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Tax Deferral

One of the concerns often expressed about rising property taxes is that people will be "taxed out of their homes." Sometimes this is expressed as "a man's home is his castle, but it isn't really his if taxes might rise beyond his ability to pay."

Interestingly, far fewer tears are shed for renters who cannot afford to pay rising apartment rents, or for people whose adjustable-rate mortgage payments rise precipitously.

In California and Florida, and other places, this concern about not "taxing people out of their homes" led to Proposition 13 and "Save Our Homes" which have protected one class of people at the expense of burdening others. The result has been that new owners of homes may pay multiples of what their long-owning neighbors pay on identical properties.

A better way is to permit those who feel they cannot afford rising property taxes to defer some or all of their property tax payment, with interest, as a lien against their property. That lien would be satisfied upon the sale or transfer of the property. In order to avoid burdening younger taxpayers with subsidizing such deferrals, revenue anticipation bonds could be issued, with the cost covered by the interest on the deferrals.



Fred Foldvary: Ultimate Tax Reform

Costs of collection and administration

Consider the effect of abolishing income taxes and sales taxes, replacing them with a land value tax. There would no longer be any tax audits. There would be no record-keeping for taxes. You, the landowner, would instead get a monthly bill, like you get for utilities. You would simply pay the bill or have it automatically deducted from some financial account. At the same time, government would avoid the high cost of processing complex accounts and keeping individual tax records. It would only need to keep real estate records and assess the land values, both of which it already does for property tax purposes.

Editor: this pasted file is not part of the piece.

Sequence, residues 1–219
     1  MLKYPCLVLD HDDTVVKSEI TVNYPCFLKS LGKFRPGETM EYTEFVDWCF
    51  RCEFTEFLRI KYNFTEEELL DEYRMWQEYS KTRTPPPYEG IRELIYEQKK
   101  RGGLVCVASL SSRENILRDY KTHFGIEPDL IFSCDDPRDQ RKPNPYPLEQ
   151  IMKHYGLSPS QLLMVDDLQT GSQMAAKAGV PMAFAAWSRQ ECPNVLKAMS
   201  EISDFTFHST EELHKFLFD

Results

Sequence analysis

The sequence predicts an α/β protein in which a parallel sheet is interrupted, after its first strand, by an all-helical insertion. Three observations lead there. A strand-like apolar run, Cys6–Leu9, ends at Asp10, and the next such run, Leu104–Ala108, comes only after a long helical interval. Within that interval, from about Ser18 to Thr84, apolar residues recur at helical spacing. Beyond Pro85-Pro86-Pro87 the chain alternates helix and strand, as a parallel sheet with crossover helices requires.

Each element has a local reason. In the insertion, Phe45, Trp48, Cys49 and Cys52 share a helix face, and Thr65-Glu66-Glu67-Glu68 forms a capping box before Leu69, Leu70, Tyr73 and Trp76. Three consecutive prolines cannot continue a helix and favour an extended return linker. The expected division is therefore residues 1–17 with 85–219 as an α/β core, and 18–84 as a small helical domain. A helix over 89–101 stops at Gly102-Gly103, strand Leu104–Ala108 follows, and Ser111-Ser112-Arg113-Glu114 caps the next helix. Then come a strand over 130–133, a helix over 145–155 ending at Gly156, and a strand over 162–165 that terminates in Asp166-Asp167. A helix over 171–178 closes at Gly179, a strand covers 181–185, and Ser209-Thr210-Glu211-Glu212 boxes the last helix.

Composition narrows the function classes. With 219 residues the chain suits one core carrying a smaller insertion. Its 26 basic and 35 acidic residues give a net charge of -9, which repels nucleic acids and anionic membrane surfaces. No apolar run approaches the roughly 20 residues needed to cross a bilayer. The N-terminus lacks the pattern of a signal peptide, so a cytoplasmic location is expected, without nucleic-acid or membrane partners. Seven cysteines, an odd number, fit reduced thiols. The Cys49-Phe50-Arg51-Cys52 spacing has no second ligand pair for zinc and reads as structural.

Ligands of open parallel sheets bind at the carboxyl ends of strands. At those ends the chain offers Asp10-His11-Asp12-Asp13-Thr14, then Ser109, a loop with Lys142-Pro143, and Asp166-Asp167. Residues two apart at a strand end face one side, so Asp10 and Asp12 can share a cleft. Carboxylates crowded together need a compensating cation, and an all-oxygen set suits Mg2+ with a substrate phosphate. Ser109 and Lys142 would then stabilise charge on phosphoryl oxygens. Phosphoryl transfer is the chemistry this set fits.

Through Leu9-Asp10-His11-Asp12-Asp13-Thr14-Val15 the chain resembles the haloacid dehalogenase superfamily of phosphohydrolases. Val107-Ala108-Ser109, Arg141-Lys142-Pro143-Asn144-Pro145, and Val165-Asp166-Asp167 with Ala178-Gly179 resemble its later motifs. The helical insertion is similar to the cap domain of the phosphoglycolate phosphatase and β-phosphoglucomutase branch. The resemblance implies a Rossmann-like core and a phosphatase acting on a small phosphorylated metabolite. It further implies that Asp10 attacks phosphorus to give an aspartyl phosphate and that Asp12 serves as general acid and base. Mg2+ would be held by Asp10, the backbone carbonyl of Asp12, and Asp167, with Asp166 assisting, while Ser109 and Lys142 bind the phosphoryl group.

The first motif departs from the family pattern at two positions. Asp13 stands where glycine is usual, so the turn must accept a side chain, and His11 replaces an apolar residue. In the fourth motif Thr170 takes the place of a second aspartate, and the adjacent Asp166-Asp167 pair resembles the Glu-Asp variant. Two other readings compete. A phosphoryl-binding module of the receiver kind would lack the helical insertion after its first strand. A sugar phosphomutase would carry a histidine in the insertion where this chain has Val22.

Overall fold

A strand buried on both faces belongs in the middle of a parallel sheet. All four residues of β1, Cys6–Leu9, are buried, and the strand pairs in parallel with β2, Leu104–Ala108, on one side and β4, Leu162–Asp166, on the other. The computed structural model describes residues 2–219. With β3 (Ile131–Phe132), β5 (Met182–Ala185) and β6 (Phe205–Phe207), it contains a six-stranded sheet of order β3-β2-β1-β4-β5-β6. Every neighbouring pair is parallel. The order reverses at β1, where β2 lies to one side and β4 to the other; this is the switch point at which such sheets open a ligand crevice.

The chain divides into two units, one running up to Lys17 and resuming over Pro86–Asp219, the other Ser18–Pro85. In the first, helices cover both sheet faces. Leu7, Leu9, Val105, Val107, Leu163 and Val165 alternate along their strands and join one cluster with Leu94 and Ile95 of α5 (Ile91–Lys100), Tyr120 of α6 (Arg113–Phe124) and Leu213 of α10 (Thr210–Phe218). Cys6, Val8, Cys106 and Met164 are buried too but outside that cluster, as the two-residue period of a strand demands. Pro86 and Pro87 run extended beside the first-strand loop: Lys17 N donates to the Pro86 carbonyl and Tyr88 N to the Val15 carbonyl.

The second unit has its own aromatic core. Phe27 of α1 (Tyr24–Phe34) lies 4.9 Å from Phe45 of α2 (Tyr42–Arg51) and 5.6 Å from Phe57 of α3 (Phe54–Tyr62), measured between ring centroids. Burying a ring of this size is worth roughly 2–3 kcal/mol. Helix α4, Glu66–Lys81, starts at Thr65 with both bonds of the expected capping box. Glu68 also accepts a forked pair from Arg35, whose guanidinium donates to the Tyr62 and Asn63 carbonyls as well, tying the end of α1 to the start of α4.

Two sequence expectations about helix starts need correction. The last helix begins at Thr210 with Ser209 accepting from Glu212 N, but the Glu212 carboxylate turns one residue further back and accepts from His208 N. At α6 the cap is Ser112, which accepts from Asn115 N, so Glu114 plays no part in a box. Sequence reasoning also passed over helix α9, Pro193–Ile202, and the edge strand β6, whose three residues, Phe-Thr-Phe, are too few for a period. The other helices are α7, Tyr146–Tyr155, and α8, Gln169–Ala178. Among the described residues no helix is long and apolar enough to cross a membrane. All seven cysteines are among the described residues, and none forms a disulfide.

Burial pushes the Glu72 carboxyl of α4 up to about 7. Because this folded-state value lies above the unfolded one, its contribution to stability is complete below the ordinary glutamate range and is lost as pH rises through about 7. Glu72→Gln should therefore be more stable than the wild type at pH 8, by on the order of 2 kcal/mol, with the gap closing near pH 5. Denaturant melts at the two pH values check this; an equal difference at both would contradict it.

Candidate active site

Those who are retired or temporarily have little cash income would be able to defer taxes by accumulating liens on the real estate until they die or sell the property, as is commonly done today with real estate taxes.

If you thought the assessment of the land value was too high, you could appeal, as one can today’s real estate taxes. The land value assessments would be public records available on the Internet, unlike income tax records, which are quite properly hidden from public view. You could easily compare your assessment with those of your neighbors. If the appeals board rejected your claim, the assessment could be appealed to a jury, if you were willing to pay the cost of the jury’s decision.

Nobody would be sent to prison for tax evasion, because there would be no tax evasion. A non-payer would lose title to his land or lose the protective services of government, depending on the local enforcement practice. Property taxes are already being assessed and collected by counties in the U.S. A complete shift to the taxation of land values would not increase these costs, but would eliminate the expenses involved in collecting sales and income taxes. ... read the whole document